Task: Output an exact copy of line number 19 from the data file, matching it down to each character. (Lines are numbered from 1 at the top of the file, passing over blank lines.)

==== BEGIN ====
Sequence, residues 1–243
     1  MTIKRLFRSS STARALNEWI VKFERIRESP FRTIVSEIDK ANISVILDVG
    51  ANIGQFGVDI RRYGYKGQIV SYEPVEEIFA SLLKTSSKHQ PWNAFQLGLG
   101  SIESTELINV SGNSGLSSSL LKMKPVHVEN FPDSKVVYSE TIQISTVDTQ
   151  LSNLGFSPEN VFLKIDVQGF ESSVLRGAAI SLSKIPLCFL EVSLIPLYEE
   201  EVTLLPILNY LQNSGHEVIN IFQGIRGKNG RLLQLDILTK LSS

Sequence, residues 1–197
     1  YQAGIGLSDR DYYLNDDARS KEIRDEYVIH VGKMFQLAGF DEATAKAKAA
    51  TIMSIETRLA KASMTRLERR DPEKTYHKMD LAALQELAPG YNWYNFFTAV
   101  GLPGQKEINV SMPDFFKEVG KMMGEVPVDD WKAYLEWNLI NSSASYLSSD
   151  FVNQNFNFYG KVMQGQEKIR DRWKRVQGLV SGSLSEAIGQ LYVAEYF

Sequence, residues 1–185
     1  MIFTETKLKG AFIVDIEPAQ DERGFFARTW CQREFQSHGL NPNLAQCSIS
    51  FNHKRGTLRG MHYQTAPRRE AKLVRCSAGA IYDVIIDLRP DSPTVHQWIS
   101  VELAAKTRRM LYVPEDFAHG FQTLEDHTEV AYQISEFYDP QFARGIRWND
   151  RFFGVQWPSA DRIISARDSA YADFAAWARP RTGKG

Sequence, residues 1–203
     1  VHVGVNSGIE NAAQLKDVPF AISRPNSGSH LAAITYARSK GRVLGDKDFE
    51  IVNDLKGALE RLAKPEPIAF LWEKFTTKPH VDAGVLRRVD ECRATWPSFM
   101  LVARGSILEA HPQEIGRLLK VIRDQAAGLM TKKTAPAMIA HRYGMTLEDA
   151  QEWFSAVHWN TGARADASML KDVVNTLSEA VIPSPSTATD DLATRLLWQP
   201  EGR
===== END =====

    51  IVNDLKGALE RLAKPEPIAF LWEKFTTKPH VDAGVLRRVD ECRATWPSFM